THE STORY BEHIND THE PHOTOGRAPHER

Mario Münster

Mario Munster - interview photography an

Q1 - Can you give us a bit of background about yourself? Who are you, where do you come from, what have you done to date? 

I was born and raised in a tiny little village in the middle of nowhere in western Germany - 600 people, a couple of cows, some horses. I moved to Berlin with some of my closest childhood friends in 2000 when I was 20. Since then, I managed to build a career in communication and storytelling. Today, I’m an independent communication strategist and content creator. Working on social, political, and cultural issues. Other than that, I co-founded two independent print magazines in the last couple of years - a German language cultural magazine and an English language magazine about Syrian arts and culture in exile. During my younger adult years, I played guitar in a couple of post-rock bands. Oh, and I had a bespoke wine import/delivery business between 2010 and 2014 as a side project. Cheers to that! :)



Q2- Do you call yourself a photographer?

I wouldn’t even call myself a photographer. It’s still a new field for me, I got my first serious camera last year, and I still feel like I’m just messing around with visuals. That doesn’t mean that I’m not spending a lot of time doing it and dedicate myself to it. Once you start to focus on a certain aesthetic while taking photos it’s hard to walk the streets without seeing something that’s worth taking a photo all the time. It can be obsessive. That makes me obsessed full-time in photography and a dedicated part-time photographer.


 
Q3 - What are your hobbies?

Well, I spend a lot of time eating, drinking, and cooking and thinking about eating, drinking and cooking. Sounds like a cliché, I know. But it gives me so much joy, when I eat and cook with friends, kids, or just prepare a solo dinner on a Sunday afternoon while sipping a Negroni. I could totally live the life of an Italian mama (note to myself: that’s for the reincarnation Wishlist!). Wine is particularly important for me and right now I’m having a big love affair with natural / low intervention wines. Traveling is essential to my happiness and so is music which includes playing the guitar and the ukulele. I could add “reading books” to this list but that would make me so goddamn ordinary… food, travel, books… oh, Christ! At least I’m not doing yoga… 

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Q4 - What camera equipment do you use?

I’m using an iPhone 6s and a Olympus OM D E M10 Mark 3.  A perfect camera for someone who’s is a total rookie, like me :) Lot’s of automatic presets, but also all the opportunities to manually adjust all the pro stuff.


 
Q5 - What does photography mean to you?

It took me almost all my life to figure out that it can be a one of my creative expressions. I only started considering it being a real thing around 18 months ago. It now means a lot to me: documenting the surreal beauty of everyday sceneries, getting lost while taking photos, working on the post production, learning new skills, connecting with a community of likeminded people. I also learned that when I take photos, I engage in the moments more intensely and more sustainably. That came as a surprise because in the past I almost aggressively harassed people who took photos while traveling or being at a dinner. I always thought it’s a pointless distraction from really(!) enjoying a moment. When Instagram became a thing, I made a huge point of giving a shit about it. Well, and here I am, your social photographer :)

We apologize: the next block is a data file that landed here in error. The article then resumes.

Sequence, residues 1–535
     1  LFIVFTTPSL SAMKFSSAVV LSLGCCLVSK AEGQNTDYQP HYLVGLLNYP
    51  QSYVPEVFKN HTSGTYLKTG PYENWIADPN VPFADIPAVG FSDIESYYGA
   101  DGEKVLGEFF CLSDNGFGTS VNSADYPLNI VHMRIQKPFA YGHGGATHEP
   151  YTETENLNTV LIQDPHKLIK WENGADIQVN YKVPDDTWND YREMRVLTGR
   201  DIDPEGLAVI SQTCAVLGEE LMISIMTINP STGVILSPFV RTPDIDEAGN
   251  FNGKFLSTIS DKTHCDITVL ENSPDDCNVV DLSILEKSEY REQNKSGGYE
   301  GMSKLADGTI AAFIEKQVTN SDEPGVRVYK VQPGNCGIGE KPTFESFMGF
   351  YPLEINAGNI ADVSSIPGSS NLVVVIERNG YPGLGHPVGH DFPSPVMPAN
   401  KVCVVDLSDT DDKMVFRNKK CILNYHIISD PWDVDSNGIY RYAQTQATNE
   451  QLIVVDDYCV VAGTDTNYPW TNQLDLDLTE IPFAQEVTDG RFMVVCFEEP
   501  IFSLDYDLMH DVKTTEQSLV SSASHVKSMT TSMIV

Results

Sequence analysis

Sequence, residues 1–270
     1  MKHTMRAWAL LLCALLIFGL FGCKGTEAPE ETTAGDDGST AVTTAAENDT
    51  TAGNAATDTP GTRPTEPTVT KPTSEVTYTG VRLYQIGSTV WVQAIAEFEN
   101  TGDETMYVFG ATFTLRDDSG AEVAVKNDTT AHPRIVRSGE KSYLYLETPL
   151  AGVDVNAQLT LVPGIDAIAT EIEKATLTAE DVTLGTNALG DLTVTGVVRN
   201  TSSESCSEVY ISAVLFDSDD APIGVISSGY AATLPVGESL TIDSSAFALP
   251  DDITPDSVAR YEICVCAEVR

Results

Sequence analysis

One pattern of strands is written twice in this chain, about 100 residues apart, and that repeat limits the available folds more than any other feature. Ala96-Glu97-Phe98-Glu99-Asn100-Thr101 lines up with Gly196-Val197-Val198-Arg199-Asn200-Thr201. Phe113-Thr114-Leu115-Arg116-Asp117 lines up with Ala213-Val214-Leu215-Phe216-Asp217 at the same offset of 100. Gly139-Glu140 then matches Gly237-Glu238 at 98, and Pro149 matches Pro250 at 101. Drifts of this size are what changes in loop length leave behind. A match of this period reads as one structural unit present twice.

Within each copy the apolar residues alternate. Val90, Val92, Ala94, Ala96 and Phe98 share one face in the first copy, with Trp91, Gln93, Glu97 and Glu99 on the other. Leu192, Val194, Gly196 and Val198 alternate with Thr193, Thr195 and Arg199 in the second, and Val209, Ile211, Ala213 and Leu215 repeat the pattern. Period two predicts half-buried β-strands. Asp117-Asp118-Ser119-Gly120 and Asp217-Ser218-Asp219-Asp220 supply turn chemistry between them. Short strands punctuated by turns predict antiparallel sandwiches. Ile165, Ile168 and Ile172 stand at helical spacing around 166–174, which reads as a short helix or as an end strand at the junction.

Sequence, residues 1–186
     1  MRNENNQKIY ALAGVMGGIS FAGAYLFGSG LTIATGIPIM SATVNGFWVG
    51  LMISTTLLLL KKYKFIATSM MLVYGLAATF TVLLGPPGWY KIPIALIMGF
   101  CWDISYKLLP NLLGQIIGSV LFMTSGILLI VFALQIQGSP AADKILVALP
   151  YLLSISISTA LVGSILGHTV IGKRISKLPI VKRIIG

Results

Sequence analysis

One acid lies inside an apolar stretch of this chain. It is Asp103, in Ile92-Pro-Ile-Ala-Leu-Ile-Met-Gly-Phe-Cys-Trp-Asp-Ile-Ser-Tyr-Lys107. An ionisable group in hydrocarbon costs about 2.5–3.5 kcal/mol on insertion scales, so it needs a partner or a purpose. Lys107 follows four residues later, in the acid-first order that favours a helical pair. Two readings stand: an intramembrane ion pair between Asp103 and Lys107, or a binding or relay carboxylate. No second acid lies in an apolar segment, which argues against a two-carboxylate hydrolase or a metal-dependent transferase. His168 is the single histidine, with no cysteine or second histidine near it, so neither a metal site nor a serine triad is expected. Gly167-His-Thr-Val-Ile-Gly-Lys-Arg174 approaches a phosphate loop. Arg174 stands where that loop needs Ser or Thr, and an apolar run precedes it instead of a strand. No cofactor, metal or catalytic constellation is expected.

Q6- Why do you like taking photos?

I like the idea of photographing a moment and then tweaking it as much as possible, until it’s almost surreal. I call it “landscapes on steroids”. I add my imagination as a layer on top of the original photograph. How pink can pink be? How pastel could a sunrise be before it gets unrealistic? I add my interpretation to the reality. Photos allow me to share the way I see the world.

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Q7 - What is your favourite photograph?

Damn, that’s a hard one. A couple of years ago Manhattan suffered from a major electricity blackout. Back then, someone took a photo of Manhattan from a helicopter or whatever…the photo displays lower Manhattan in pitch dark. There’s something magical, fragile to this photo that gives me the chills time and again. 

 
Q8 - Do you think photography is art?

I think photography can be a tool you can use for artistic expression. But I wouldn’t say taking photos necessarily is art. Like cooking can be utterly artistic but also just a way to feed (or poison!) someone…


 
Q9 - If you had to inspire someone to pursue their art. What would tell them?

There is nothing more liberating and satisfying than artistic expression. It does extraordinary things to your brain, it opens paths to new thinking and unexpected perspectives. It also helps a lot with dealing with emotions no matter how bright or dark they are. It brings joy to other people and it allows you to grow with your art. It makes you part of a community of like-minded creators. I hope that’s inspiring?


 
Q10 - And finally - what do you think about wefofo?

When you guys approached me last summer, I immediately loved the idea. I know what it takes to find a good printer and to advertise and distribute a physical creative product. Having a platform that takes care of all those things is super helpful. From a client’s perspective: People want unique things to decorate their homes or offices and they usually don’t have the money to buy expensive art. I think platforms like wefofo offer an accessible path to a new world of photography for everyone. What’s not to love about it?

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